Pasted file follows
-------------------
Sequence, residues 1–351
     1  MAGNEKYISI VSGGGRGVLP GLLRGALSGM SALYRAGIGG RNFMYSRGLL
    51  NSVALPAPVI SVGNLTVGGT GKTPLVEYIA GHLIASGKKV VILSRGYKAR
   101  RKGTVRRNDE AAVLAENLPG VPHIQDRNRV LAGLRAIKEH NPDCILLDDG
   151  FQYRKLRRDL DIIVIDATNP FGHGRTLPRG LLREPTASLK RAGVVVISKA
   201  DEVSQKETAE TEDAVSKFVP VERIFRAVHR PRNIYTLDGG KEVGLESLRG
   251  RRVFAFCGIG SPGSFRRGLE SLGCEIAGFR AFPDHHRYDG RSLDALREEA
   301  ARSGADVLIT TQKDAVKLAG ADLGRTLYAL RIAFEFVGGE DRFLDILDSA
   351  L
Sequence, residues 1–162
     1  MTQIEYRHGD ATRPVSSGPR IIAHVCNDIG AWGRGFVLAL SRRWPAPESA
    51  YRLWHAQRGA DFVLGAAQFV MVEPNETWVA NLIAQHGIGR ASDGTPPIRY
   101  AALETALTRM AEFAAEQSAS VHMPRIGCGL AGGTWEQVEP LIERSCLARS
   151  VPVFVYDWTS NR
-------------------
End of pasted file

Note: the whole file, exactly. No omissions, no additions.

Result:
Sequence, residues 1–351
     1  MAGNEKYISI VSGGGRGVLP GLLRGALSGM SALYRAGIGG RNFMYSRGLL
    51  NSVALPAPVI SVGNLTVGGT GKTPLVEYIA GHLIASGKKV VILSRGYKAR
   101  RKGTVRRNDE AAVLAENLPG VPHIQDRNRV LAGLRAIKEH NPDCILLDDG
   151  FQYRKLRRDL DIIVIDATNP FGHGRTLPRG LLREPTASLK RAGVVVISKA
   201  DEVSQKETAE TEDAVSKFVP VERIFRAVHR PRNIYTLDGG KEVGLESLRG
   251  RRVFAFCGIG SPGSFRRGLE SLGCEIAGFR AFPDHHRYDG RSLDALREEA
   301  ARSGADVLIT TQKDAVKLAG ADLGRTLYAL RIAFEFVGGE DRFLDILDSA
   351  L
Sequence, residues 1–162
     1  MTQIEYRHGD ATRPVSSGPR IIAHVCNDIG AWGRGFVLAL SRRWPAPESA
    51  YRLWHAQRGA DFVLGAAQFV MVEPNETWVA NLIAQHGIGR ASDGTPPIRY
   101  AALETALTRM AEFAAEQSAS VHMPRIGCGL AGGTWEQVEP LIERSCLARS
   151  VPVFVYDWTS NR